If you are able to answer this question and impress the recruiter, you will then be asked further questions.


What next?

Sunday, 17 January 2016

Do you know your challenges? - Blog post 5

If you have been reading my blog posts from the beginning you will have noticed that I am writing a series of blog to help students identify the challenges based on the purposes/goals they may have in life. The posts also include my personal experiences.

Today I am here to focus on challenges of another goal.

Goal 2 - Get hired by a multi-national company.

Most of the students prefer to work soon after graduating. In my very first blog I mentioned that there are nearly 1.9 million engineers graduating every year across India. Along with these students are arts and science/business management students who graduate every year. I am sure you can imagine the competition you are/will be facing.

One of the many reasons why I moved abroad was because I did not find myself competent enough to face the huge competition in India. Where ever I went, I would find my friends, cousins, father’s colleagues’ sons/daughters being placed in multi-national companies. They would look down on me if I mentioned that I was still looking for a job. I felt as though if I was to stay in India the only way I could earn respect in the society was to find myself a job in a multinational company. The sheer pressure of the society forced me out of my country.

Unemployment is a huge issue in India. There are many factors why unemployment is on the rise. While there are many factors (economic factors, population etc.) which are out of our control, there are many which are well under our control (soft skills, technical skills etc.) that can help us get ahead in the competition to be successfully employed.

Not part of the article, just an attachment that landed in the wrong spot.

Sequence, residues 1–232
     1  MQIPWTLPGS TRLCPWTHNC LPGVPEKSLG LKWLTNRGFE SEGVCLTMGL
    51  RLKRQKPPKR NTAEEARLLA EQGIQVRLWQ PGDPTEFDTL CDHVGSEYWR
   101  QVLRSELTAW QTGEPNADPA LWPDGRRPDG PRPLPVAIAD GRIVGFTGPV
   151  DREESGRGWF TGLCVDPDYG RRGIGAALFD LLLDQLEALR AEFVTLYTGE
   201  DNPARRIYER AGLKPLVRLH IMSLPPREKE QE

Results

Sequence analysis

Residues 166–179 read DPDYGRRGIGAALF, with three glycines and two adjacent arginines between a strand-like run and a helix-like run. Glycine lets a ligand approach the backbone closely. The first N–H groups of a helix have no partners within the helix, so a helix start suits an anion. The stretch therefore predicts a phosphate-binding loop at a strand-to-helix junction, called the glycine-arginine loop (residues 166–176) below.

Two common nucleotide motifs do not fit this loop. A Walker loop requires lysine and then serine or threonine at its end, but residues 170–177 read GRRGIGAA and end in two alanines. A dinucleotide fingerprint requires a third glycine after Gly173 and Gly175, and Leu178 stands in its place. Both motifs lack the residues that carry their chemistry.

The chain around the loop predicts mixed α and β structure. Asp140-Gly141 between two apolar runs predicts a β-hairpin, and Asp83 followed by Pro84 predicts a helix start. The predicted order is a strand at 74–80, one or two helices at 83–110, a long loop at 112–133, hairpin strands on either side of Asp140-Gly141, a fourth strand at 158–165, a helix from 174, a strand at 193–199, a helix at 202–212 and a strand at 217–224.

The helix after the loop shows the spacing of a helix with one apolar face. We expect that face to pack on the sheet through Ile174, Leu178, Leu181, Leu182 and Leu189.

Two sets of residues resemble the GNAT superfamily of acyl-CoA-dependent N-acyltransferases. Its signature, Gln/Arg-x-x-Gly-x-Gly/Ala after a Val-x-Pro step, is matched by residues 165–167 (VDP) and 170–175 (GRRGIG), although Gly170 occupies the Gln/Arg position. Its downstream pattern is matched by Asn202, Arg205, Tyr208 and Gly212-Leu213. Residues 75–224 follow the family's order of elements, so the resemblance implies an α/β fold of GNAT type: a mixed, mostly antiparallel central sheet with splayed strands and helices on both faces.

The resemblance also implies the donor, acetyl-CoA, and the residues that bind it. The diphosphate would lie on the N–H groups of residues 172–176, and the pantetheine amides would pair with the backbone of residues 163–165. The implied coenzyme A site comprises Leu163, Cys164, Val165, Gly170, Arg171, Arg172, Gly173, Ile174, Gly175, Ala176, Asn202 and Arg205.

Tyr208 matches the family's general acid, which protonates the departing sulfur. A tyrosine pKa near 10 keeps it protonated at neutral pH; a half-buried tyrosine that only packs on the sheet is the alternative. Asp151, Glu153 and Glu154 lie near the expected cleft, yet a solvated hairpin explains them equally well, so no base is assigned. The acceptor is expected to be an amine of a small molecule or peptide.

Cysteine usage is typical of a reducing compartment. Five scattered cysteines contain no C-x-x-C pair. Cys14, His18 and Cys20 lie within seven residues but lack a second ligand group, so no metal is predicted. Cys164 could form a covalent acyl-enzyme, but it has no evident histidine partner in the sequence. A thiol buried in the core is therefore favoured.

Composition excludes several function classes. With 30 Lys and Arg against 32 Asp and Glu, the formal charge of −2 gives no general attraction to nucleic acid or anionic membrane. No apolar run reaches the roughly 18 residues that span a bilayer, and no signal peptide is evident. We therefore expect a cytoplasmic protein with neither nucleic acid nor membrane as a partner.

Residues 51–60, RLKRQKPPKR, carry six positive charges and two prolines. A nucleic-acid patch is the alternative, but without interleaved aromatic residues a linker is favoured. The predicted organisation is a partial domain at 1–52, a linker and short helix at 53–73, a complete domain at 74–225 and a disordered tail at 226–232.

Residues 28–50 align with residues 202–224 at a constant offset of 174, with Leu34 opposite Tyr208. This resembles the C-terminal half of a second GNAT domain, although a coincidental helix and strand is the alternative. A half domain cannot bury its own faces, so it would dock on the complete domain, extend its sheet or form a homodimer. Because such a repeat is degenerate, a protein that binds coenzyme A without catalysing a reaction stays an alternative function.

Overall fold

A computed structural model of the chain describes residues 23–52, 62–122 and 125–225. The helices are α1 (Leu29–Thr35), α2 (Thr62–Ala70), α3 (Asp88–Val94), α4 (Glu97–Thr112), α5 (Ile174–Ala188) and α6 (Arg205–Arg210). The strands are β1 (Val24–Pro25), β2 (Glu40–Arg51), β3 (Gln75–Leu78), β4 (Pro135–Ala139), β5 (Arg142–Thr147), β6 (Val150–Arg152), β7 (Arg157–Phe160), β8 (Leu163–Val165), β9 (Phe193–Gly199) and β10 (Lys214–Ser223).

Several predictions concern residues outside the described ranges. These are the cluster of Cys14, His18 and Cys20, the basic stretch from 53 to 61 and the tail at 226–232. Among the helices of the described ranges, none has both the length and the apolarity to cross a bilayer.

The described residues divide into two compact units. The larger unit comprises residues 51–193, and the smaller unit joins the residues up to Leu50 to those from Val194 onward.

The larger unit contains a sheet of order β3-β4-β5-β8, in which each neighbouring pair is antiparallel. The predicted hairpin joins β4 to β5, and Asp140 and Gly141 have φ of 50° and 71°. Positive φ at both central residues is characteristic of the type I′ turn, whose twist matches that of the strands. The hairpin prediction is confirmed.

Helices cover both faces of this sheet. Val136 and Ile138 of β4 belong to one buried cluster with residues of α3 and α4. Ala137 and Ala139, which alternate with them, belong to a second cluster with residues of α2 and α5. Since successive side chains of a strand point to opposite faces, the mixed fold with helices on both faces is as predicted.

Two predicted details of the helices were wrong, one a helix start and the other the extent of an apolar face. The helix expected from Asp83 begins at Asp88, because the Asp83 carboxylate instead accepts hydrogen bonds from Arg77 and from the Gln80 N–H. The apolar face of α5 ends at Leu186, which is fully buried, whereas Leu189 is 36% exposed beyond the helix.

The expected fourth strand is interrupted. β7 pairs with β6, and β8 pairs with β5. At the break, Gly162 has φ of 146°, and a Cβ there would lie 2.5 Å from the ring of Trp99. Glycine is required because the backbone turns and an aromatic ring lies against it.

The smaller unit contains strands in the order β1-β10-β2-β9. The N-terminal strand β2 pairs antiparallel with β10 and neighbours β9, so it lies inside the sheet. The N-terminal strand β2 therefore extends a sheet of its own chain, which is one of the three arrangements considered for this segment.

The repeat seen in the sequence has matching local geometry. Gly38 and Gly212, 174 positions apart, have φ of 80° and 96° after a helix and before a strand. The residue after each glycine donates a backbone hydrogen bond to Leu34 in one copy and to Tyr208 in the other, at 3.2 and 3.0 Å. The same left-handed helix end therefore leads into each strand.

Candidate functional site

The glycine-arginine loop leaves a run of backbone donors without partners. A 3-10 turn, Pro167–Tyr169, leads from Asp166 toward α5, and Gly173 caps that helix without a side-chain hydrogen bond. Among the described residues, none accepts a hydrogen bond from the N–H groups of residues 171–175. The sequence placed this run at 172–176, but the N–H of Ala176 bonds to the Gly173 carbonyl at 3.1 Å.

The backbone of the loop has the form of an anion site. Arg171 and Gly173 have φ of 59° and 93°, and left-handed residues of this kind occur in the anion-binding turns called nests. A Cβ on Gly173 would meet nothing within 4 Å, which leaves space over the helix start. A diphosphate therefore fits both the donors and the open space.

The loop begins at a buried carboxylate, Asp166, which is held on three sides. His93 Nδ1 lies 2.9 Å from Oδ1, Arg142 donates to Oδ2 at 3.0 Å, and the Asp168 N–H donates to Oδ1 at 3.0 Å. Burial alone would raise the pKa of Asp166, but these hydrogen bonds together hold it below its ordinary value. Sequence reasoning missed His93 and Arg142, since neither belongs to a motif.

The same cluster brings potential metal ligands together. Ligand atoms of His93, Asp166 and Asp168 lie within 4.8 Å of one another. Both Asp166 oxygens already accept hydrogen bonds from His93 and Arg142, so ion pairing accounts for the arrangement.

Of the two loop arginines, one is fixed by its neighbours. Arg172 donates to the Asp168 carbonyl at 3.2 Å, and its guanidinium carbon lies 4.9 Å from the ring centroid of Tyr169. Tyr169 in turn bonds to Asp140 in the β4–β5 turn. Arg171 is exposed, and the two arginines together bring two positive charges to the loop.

Only a handful of students succeed getting placed in MNCs through the campus placement drives. Remaining students are let to try their own luck that end up running from pillar to post to get hired.

The very first challenge students’ face in an attempt to get hired is to have their CVs shortlisted to be even called for an interview.

Companies receive scores of CVs every day. Do you think they scan every CV they receive?Certainly not!

In order to be successfully called for an interview, make sure your CV is not a standard one that will be lost in the pile of similar CVs submitted by other graduates.

Spend good time writing your CV. Remember that this is the very first step towards you getting hired. Do not simply copy from your friends/internet and change the name on the CV. This is not going to help.

Learn to be original and creative from day one.

On your CV, rather than highlighting your personal statements focus more on your career objectives. Focus on 3-4 of your unique selling points that will make the recruiter want to meet you. Make sure you highlight your key skills relevant to the job you are applying so that when recruiters use keywords to search CVs online they can see yours. Do not focus on how much you have done but on how well you have done. Make sure your CV is not too long.

Finally, have your CV proof read by as many people as you can and get their honest feedback. Reflect those feedbacks on your CV.

Your CV has the first privilege to meet your prospective employer. You are under your CVs mercy to get shortlisted for an interview call. Therefore, do not mess it up.

Will you attempt to write your own CV and have it successfully shortlisted for an interview call?

Wednesday, 13 January 2016

Do you know your challenges? - Blog Post 4

As students, when you have succeeded in finding a part time job abroad you should continue to remain focused on the primary purpose of your life.

When you are living abroad, you are independent and you are the ones who are in complete control of your life. Though independence teaches you many good things, along with it comes temptations.

The number of temptations is far too long for me to list, however I’d like to focus on one which I have witnessed in many students lives here in the UK. This temptation has ruined many students’ lives and has shattered many parents’ dreams.